By Anthony K. Smith
Passed by voters nearly 14 years ago, Measure 25 promised to take the minimum-wage issue out of politics for good, by linking it forever to annual increases in the federal Consumer Price Index.
“Measure 25 fixes the problem, and takes the issue out of the political arena,” assured the American Federation of State, County and Municipal Employees (AFSCME) in the state’s November 2002 ballot pamphlet. The CPI link would “help it to keep pace with inflation, so that full-time working Oregonians do not have to live in poverty,” promised then-Secretary of State Bill Bradbury.
Gov. Kate Brown’s signing of Senate Bill 1532 making Oregon’s minimum wage the highest in the nation vindicates those who argued correctly in 2002 that we would be having this debate again.
What is the minimum wage, and what should every citizen know about it?
The minimum wage is an entry level wage, earned primarily by teens and young adults starting out on their working lives. It is not at all a family-sustaining wage or a wage that can lift anyone out of poverty, no matter how many increases. Supporters of SB 1532 denied this in speeches given on the House and Senate floors of the Oregon Legislature, but offered few unbiased studies to back their claims.
Discussion of the minimum wage must by necessity begin with the mother study from which all other studies spring: The U.S. Bureau of Labor Statistics’ Characteristics of Minimum Wage Workers, 2014 (the last year for which statistics are available).
There aren’t many minimum-wage earners in the nation, “Together, these 3.0 million workers with wages at or below the federal minimum made up 3.9 percent of all hourly paid workers,” according to BLS. “Minimum wage workers tend to be young. Although workers under age 25 represented only about one-fifth of hourly paid workers, they made up half of those paid the federal minimum wage or less.”
Here in Oregon, the Bureau of Labor and Industries pegs the number of minimum-wage workers in the state at about 100,000, or 6 percent of the total workforce.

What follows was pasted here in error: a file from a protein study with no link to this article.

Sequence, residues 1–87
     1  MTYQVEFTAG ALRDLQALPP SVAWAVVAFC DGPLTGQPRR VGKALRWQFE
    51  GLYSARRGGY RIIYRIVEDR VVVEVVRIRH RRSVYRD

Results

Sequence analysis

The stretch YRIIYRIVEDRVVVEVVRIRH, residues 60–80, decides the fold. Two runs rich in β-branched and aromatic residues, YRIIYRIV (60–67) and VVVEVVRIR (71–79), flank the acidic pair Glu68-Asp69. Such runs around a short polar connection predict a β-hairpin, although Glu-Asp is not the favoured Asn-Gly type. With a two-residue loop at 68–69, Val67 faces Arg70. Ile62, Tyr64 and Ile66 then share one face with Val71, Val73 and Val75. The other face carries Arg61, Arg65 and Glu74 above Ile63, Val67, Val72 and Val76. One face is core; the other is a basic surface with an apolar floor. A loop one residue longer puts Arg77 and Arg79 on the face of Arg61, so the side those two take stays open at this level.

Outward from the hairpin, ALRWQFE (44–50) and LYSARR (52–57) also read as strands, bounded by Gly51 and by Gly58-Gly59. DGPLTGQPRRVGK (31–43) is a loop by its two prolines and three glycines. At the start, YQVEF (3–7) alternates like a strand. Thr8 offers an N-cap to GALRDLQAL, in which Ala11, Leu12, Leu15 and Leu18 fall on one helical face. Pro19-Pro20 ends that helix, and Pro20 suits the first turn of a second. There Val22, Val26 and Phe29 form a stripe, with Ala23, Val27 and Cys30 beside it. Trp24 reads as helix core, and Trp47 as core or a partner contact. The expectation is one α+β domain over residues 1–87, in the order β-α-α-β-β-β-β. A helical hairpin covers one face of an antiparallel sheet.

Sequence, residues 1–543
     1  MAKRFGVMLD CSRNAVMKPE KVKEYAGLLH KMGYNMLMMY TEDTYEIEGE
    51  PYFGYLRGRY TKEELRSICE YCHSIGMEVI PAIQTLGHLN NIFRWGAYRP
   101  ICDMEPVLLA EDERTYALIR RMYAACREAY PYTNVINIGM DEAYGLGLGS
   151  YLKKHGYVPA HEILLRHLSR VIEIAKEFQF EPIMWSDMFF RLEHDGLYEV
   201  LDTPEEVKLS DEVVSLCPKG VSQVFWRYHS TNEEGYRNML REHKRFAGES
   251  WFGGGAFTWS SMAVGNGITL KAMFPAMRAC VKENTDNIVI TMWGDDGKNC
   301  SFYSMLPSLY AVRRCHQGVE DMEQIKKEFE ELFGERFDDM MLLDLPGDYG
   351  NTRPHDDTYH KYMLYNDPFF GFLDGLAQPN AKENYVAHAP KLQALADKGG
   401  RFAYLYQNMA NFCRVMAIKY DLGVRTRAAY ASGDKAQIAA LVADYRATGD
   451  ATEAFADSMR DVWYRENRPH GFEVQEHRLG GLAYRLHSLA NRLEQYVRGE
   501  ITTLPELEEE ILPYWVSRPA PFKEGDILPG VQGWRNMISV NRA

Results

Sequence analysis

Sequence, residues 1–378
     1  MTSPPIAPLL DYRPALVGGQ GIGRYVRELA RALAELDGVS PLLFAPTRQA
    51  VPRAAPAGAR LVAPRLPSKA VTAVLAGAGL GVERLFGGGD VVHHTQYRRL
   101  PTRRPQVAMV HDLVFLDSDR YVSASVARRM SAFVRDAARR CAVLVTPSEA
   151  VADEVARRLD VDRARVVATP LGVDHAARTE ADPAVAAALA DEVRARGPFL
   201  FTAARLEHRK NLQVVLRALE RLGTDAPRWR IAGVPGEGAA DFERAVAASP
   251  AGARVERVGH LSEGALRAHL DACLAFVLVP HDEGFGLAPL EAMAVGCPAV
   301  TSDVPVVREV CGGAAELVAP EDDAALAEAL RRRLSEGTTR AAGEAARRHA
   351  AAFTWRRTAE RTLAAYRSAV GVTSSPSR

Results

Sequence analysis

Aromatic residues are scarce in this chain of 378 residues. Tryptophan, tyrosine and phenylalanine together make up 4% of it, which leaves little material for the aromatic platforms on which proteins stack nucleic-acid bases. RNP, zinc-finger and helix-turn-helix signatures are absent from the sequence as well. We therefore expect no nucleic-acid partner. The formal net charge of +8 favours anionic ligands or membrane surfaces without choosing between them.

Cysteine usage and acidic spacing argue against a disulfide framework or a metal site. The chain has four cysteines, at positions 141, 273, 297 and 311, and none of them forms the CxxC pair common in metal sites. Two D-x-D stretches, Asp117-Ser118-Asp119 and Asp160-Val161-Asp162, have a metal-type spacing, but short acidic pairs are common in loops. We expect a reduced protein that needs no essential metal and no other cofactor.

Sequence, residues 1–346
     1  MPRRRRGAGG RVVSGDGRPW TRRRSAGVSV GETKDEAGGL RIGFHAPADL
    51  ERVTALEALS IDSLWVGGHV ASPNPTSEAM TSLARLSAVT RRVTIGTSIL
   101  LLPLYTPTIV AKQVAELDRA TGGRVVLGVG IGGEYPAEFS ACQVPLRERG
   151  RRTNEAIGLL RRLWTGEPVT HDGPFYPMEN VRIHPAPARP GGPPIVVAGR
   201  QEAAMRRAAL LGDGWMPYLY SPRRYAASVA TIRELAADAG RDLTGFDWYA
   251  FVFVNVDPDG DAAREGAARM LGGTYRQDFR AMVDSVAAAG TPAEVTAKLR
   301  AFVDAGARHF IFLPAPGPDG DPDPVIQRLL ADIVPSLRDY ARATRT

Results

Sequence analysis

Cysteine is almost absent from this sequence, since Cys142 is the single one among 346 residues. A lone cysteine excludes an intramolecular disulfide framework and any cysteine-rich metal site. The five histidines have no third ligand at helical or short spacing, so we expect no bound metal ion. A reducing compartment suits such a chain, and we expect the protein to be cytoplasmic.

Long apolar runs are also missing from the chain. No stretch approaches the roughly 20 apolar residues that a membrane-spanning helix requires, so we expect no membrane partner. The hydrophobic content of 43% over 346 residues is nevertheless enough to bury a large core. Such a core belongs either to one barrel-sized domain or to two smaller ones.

Economist Jeffrey Dorfman examined BLS’s numbers and wrote in Forbes, “… minimum wage earners are not a uniformly poor and struggling group; many are teenagers from middle class families and many more are sharing the burden of providing for their families, not carrying the load all by themselves.”
Do some workers have minimum wage careers? is the title of a paper in the Monthly Labor Review. Authors and economists William J. Carrington and Bruce C. Fallick write, “ … a study by Ralph E. Smith and Bruce Vavrichek examined the 1-year earnings mobility of workers that initially worked at minimum wage jobs. They found that 63 percent of the minimum-wage workers in their sample were employed at higher-than-minimum wage jobs 1 year later. Also, Bradley R. Schiller found that only 15 percent … still had any (minimum wage) experience after three years, which suggests that long-term minimum wage employment is rare.”
Writing in The Wall Street Journal, Warren Buffett said, “I may wish to have all jobs pay at least $15 an hour. But that minimum would almost certainly reduce employment in a major way, crushing many workers possessing only basic skill.”
Mitchell Englander offers a street-level view. The Los Angeles city councilman was the lone ‘No’ vote to increase his city’s minimum wage to $15 an hour, telling the Los Angeles Times, “Having been both a business owner and a low-wage service worker, I know firsthand about the struggles business owners and their employees face every day. I’ve had days when paying my employees meant that I did not take my own paycheck. This wage increase may hurt the very people it is designed to help. Most minimum wage jobs are in low-profit-margin industries or small businesses that are easily relocated to one of more than two dozen cities bordering Los Angeles … This competitive disadvantage doesn’t support local job creation or retention.”
Governor Brown’s action doesn’t even guarantee a halt to a $15 per hour ballot initiative gathering signatures for November. Where will it all end? In a great deal of job loss. That much is certain.

Anthony K. Smith is Oregon state director for the National Federation of Independent Business.

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